1. Greater focus should be given to professional forms of writing, such as business proposals and plans, which require less word count, less creative energy, but more technical skill, receive much support from the end user and are in the long run, usually more profitable than the average creative article.
  2. Do not take on a job that you do not have the competence to adequately deliver on. Rather, be honest with the client about your lack of ability in that respect. If the client is willing to trust you to learn on the job, fine. If not, take it as a challenge to develop your skill in that respect so that the next time such as opportunity comes, you don’t have to say no.
  3. Always have a free resource to give out, not only as a form of ISR (Individual Social Responsibility), but also to convince others of your skill.
  4. You are not Superman. Before taking new assignments, look at your current obligations and be honest about your capacity to deliver. Do not let the size of the pay check delude you into making a decision that puts your integrity in question. Personal businesses like these rely a lot on personal image to sell them much more than actual skill.
  5. Be wary about clients that offer you contracts for bulk services. Most times, once you put pen to paper, you’ve bound yourselves captive to a boss who will seek to get the most out of you, and pay beneath your rates. This is not to say that bulk service contracts are not bad, but ensure that you understand what you will be required to do, and consider how much you would individually charge for those jobs, before settling down to negotiate.
  6. After God, put your clients first, literally. The first thing you should everyday is to either do something about a pending job or develop your skills or advertise your brand once more.
  7. When a client requests a review, ensure you fully understand what he wants to see to avoid any time-wasting back and forth.
  8. I repeat, do not let greed lead you into taking on a job you either do not have the skill or the time for. It may hurt the client when you have to turn his/her job down, but it will hurt him much more when you fail to deliver, and your chances of getting positive referrals from such clients.
  9. In cases where you client is a middleman or agent of another, ensure that you make it clear to him that your business dealings with him are strictly between the both of you, not the end user. This is to avoid him using the end-user as an excuse to avoid paying you for work done or delay payment.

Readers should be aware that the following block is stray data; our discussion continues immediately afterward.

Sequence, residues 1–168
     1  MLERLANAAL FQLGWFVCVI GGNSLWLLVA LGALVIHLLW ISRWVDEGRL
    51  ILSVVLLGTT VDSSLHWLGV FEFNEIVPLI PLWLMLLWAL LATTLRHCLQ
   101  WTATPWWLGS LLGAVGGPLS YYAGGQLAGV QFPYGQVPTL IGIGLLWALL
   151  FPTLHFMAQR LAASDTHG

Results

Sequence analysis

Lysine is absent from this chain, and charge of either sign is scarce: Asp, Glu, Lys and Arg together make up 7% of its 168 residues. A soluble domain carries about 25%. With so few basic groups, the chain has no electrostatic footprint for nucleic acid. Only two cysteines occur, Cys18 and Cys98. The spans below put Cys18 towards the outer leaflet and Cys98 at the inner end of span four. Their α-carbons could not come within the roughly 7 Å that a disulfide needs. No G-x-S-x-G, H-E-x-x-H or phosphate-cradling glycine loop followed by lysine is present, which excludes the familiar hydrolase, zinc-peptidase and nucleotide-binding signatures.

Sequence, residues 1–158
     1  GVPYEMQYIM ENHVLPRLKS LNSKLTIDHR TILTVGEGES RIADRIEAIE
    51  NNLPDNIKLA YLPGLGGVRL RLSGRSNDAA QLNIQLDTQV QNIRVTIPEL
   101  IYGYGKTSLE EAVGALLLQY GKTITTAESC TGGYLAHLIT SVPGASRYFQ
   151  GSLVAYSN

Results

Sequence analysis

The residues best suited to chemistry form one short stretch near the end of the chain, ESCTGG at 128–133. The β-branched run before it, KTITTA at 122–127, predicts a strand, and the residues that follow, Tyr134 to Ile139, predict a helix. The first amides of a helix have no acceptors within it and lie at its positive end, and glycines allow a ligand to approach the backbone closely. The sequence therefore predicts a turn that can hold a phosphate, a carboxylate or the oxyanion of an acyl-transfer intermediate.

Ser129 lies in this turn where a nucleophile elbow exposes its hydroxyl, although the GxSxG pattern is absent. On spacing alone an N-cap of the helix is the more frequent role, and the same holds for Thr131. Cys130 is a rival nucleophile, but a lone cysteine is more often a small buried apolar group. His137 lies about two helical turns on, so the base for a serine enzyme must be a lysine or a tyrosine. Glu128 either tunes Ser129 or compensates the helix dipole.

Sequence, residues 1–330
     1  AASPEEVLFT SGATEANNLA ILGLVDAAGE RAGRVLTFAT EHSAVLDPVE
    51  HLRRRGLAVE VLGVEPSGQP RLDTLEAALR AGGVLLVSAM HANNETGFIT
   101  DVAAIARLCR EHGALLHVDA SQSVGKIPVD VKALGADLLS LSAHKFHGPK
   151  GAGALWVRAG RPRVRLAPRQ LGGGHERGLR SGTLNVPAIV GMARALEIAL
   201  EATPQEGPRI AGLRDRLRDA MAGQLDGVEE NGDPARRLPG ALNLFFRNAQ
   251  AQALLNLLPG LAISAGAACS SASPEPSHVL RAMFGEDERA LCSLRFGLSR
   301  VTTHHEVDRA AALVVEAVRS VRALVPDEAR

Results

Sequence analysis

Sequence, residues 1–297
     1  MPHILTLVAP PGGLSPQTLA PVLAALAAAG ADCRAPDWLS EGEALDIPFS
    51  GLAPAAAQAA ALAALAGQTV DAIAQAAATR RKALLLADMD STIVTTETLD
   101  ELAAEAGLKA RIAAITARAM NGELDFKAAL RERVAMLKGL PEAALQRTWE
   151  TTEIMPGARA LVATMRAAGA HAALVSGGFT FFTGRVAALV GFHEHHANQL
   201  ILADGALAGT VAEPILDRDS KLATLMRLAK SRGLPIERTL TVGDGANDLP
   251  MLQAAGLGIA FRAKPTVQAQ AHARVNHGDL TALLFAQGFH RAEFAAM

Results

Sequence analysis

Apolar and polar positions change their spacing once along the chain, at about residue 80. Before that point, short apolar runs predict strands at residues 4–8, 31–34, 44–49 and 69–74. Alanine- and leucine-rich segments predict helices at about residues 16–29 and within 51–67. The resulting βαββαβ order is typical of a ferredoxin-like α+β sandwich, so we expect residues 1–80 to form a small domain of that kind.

10. As much as it is nice to review jobs that clients have issues with, this should not be at the detriment of other jobs. It would be wise to put a cap on how many times you can review an article, depending on its nature. For creative articles, I would recommend a maximum of 2 times. Any further review should be separately charged.
  11. Do not neglect to deliver on a job all because the client does not check up on you regularly.
  12. In determining your rates, ensure to consider your Word Count, your IP rights (which you may have to forgo, cost of data (it would not be bad idea to reject jobs that pay less than N1000, the least amount for one-month subscription, your research efforts, especially when the writing assignment is of a nature that requires intensive research, and the physical and mental effort of translating your thoughts into written content. In short, do not take on a job if you will not feel good about it while working on it.
  13. Do not be afraid of standing by your settled rates, no matter how much the client demands. If you’re sure of your value as a writer, or any other form of self-employed person, do not prevaricate about your rates. You may lose a client, but you’ve raised your standards.
  14. I repeat again, do not take on a job you have the competency to deliver. Rather, recommend someone else whom you know can deliver and wash your hands of it.
  15. Do not get so lost in the trying to serve your clients that you neglect the source of all that value; you. The reason you’re self-employed is because at some point, you took the time to learn something here and there about what you’re currently doing, and now, you’re confident enough to demand payment for what you do. Ensure that you keep learning in order to increase your earning power.

Analyst/Emerging Tech Lead, Tech Hive Advisory | AI Ethics & Governance Researcher